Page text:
Is Libel Wrong?

GOOGLE was fined $US 8500 in Brazil for libel after an anonymous internet user posted defamatory messages on its hugely popular social networking website, Orkut, against a priest, calling him a “paedophile”. The defamatory post called the priest “the pedophile, the thief who has a lover”. The court in the state of Minas Gerais pronounced its verdict in favor of the 54 year old priest, known as JR. The court rejected the argument that Google should not be held accountable for the actions of its users on Orkut, or even its blogging platform Blogger. Last year, Orkut was fined 5, 00,000 dollars for a fake profile of race car driver, Rubens Barrichello. Orkut is highly popular in India and Brazil, and understandably, these two countries were on the top of the list of countries which requested Google to remove content from its social networking website. “By making space available on virtual networking sites, in which users can post any type of message without any checks beforehand, with offensive and injurious content, and, in many cases, of unknown origin, (Google) assumes the risk of causing damage” said the judge Alvimar de Avila.

Last year, Google was about to be sued for the defamatory material that appears in its search results in Britain. Metropolitan International Schools, a British company that operates Internet-based training courses wanted to sue Google over negative comments posted by a reader of a technology news Web site. Their plans didn’t work out as a British court ruled against it. In 2007, a Londoner Brian Retkin filed a defamation action against the Google, claiming that Google refuses to remove links to sites that libel his company, dotWORLDS.

Should libel be punished? Even if we admit that libel should be a punishable crime (which obviously isn’t true) how could we hold Google liable for billions of web pages, Orkut profiles and communities? Apparently, such rules make no sense, and could only be enforced selectively. This issue is a crucial test for libertarians. As Ayn Rand wrote in “Philosophy: Who Needs It”, “In the transition to statism, every infringement of human rights has begun with the suppression of a given right’s least attractive practitioners. In this case, the disgusting nature of the offenders makes it a good test of ones loyalty to a principle. The alleged limitations on that power, the conditions of when, where and by whom it may be exercised, are of no significance-once the principle that the Government holds such power has been established. The rest is only a matter of detail-and of time.”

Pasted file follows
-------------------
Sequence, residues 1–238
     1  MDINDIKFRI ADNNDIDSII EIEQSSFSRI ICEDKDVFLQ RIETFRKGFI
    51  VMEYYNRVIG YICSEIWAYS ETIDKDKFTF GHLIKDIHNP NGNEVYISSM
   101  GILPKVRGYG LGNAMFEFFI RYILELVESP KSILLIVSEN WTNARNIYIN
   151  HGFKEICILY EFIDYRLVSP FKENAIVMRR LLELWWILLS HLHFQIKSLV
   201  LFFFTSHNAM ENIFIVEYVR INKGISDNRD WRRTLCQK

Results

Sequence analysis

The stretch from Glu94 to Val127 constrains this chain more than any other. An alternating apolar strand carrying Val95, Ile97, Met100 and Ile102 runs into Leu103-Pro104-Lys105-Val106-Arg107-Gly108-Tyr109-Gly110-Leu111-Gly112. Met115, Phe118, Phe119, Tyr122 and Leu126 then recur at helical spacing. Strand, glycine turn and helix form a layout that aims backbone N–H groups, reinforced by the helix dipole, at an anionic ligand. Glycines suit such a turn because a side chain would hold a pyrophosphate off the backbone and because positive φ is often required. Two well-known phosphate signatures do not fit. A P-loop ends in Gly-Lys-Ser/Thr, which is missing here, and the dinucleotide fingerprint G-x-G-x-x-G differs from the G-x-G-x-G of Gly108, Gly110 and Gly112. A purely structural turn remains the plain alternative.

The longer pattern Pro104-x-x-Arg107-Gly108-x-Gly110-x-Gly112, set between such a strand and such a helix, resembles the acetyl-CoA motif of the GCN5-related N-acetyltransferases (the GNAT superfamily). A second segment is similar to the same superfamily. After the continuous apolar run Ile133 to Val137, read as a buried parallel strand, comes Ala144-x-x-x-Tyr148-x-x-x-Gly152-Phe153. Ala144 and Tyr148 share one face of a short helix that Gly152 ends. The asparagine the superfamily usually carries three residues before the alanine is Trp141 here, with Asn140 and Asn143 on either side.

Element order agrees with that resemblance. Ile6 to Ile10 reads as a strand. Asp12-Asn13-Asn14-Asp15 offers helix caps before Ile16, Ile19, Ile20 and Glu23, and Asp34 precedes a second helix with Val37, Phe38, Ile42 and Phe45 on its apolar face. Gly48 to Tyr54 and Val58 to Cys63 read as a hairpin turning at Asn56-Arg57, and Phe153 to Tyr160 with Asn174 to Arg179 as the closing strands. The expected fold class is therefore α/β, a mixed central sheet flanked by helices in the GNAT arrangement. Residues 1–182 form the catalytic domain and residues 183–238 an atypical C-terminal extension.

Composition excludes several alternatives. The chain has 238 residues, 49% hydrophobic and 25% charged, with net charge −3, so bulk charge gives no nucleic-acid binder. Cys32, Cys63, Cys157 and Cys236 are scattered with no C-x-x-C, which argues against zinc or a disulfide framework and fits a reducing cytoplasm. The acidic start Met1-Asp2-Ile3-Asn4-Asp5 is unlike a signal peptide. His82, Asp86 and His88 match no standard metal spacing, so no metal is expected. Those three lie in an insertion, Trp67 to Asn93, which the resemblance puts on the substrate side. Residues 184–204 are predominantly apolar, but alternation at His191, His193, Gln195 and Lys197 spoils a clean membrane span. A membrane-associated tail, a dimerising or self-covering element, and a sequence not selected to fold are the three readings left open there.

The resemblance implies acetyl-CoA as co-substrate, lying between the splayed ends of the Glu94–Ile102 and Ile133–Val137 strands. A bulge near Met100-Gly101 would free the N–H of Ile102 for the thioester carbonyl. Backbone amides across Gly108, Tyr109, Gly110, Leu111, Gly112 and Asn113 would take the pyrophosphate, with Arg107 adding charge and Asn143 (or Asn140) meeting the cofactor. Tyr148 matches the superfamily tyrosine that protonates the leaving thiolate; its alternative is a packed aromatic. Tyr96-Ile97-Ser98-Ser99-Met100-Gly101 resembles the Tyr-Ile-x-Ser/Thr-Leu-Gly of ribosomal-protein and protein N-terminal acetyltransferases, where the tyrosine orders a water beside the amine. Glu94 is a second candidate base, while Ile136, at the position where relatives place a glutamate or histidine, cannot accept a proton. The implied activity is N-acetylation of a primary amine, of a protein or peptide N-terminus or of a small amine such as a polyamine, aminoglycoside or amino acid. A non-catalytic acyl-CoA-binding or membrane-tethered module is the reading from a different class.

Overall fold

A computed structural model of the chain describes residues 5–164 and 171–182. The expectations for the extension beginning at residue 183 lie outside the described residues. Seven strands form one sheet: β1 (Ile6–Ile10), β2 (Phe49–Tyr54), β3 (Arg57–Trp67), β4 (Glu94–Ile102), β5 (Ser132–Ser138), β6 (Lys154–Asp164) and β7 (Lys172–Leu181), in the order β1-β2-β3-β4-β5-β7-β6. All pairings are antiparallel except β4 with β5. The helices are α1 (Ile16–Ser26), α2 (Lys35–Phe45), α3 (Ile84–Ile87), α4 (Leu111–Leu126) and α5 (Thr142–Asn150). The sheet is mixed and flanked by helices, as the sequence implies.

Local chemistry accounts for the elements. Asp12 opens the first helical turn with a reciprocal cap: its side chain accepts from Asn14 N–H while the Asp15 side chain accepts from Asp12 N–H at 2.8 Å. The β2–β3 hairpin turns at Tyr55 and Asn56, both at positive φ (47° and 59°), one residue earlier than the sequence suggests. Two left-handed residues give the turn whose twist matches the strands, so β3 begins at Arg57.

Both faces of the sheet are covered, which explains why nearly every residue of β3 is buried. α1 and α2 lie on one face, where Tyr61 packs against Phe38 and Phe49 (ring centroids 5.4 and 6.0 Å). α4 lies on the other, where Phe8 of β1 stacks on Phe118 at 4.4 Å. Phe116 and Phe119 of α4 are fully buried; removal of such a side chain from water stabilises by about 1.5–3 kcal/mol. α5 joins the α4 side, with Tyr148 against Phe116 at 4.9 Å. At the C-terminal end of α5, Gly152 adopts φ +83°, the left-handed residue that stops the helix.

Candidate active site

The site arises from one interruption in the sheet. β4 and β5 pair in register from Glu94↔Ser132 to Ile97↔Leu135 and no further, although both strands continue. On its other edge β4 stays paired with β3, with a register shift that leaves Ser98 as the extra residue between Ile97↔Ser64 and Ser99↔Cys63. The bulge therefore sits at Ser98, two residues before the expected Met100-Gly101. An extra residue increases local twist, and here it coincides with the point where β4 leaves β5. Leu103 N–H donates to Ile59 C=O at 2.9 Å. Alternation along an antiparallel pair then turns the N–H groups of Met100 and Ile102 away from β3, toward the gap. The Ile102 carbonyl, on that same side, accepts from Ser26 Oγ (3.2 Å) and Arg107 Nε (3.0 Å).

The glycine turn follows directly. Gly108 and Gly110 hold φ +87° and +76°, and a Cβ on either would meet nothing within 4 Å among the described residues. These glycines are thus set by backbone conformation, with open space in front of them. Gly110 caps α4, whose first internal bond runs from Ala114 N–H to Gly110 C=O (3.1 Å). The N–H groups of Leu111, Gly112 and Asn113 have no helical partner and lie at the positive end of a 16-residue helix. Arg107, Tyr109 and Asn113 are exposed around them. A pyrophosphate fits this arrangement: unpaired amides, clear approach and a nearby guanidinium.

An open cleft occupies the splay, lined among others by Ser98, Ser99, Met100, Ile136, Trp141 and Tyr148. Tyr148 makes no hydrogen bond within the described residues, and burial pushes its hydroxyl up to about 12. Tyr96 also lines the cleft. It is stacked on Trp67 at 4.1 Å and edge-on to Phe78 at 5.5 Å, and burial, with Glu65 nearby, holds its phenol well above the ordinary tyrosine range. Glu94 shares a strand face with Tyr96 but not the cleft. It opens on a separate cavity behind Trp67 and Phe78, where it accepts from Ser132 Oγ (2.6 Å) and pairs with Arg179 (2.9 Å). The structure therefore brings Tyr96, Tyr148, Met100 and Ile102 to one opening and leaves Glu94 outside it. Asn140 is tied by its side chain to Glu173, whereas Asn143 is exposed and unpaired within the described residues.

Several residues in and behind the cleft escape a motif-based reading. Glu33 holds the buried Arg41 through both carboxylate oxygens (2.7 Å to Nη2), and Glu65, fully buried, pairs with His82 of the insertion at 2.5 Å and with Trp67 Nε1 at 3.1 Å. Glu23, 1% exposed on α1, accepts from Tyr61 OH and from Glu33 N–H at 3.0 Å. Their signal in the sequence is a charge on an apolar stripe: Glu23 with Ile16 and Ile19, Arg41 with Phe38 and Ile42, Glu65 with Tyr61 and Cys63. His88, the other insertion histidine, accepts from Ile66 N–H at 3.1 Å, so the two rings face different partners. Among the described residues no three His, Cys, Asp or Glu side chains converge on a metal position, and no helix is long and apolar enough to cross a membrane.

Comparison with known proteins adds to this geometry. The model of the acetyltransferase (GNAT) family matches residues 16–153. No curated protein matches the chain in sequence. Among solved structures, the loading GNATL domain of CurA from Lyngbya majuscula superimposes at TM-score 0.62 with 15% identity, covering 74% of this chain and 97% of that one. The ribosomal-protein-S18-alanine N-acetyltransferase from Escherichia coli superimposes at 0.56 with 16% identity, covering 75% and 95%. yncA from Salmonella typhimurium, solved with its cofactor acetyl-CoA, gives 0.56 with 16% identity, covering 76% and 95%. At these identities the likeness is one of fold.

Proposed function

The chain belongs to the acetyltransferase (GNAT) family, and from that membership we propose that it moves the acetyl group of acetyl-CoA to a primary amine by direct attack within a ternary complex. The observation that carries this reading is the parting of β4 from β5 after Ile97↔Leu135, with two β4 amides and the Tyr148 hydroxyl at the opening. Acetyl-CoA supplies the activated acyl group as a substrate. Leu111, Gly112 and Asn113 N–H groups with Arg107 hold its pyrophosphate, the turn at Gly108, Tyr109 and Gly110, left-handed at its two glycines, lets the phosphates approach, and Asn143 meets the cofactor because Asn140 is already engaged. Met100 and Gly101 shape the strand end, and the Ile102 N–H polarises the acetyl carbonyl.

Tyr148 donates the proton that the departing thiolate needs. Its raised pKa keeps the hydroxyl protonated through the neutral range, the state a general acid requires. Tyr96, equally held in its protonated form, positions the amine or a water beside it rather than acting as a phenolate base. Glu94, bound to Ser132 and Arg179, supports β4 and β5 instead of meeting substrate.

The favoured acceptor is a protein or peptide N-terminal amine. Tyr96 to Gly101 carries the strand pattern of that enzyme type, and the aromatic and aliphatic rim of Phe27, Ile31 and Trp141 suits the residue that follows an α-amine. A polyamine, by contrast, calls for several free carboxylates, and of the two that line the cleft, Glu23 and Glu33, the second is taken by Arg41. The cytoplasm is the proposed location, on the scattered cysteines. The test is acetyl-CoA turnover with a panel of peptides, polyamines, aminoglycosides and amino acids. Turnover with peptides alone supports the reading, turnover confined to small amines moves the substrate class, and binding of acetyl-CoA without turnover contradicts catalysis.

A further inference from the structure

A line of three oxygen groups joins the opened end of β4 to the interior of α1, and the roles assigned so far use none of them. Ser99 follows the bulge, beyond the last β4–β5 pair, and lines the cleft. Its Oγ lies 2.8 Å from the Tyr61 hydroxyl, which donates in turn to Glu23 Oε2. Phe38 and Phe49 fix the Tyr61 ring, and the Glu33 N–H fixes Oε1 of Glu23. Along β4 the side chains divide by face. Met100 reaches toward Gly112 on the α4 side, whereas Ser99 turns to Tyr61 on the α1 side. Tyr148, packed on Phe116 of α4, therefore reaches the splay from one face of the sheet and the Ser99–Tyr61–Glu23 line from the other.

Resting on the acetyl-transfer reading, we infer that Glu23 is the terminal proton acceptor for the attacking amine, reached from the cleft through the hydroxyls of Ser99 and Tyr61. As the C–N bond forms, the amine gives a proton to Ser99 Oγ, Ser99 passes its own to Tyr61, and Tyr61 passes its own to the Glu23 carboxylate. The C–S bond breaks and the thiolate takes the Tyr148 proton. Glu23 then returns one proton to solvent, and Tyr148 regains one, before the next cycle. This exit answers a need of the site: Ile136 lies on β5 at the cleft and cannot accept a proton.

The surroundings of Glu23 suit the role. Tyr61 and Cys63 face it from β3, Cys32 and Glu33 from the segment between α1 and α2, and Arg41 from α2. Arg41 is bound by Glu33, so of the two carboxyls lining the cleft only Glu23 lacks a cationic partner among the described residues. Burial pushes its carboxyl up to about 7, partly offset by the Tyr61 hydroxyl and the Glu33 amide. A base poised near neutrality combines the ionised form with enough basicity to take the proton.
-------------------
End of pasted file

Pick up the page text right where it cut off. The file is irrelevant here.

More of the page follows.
People with no respect for absolute principles ask, “Why not be “realistic” and apply principles on the merit of each case? Why deal with issues on a philosophical and academic point of view? Why not act on practical considerations?” They fail to realize that things are much more complicated than that. If we accept the principle that the Government has the right to punish libel, soon the Government will extend the principle to other issues too. Soon, there would be censorship in art, media and literature. It is obvious that bad literature and art are more harmful to the society than occasional cases of libel. Opponents of libel can’t oppose such encroachments on the part of the Government. This is not an exaggeration. Governments all over the world have tried to extent their powers by “driving a wedge in, and enlarging the breach”.

When someone says that the priest JR is a “pedophile”, it is usually objected that even if true, this is said with a malicious intent and JR has a right to privacy. Nothing can be more absurd than that. As an economist asked, “Is there really such a right to privacy? How can there be? How can there be a right to prevent Smith by force from disseminating knowledge which he possesses? Surely there can be no such right. Smith owns his own body and therefore has the property right to own the knowledge he has inside his head, including his knowledge about Jones. And therefore he has the corollary right to print and disseminate that knowledge. In short, as in the case of the “human right” to free speech, there is no such thing as a right to privacy except the right to protect one’s property from invasion.” It is usually considered that public figures don’t have a right to privacy, when others have. It should be obvious that such distinctions are highly arbitrary, have no scientific merit and hence should be rejected.

Even if the statement that JR is a “pedophile” is wrong, people have the right to spread such information. People own their own minds, and the property through which they disseminate such information. It can be objected that JR has a right to clear reputation. How could he have such a right? How could JR have an ownership claim over the subjective opinions in the minds of other people? It is obvious that he doesn’t have any rightful claim to such a right. People should be free to influence the minds and opinions of other people.

Legalizing libel would have good, benevolent effects on the society-especially the victims of libel. At present most people believe libel as they think if the claims were fast, the victim would have sued for libel. The present system is biased in favor of the rich and patient. If libel was legalized most people won’t believe libel, as anyone can write anything. In such a world, a libeler won’t have life and death control over his victims.

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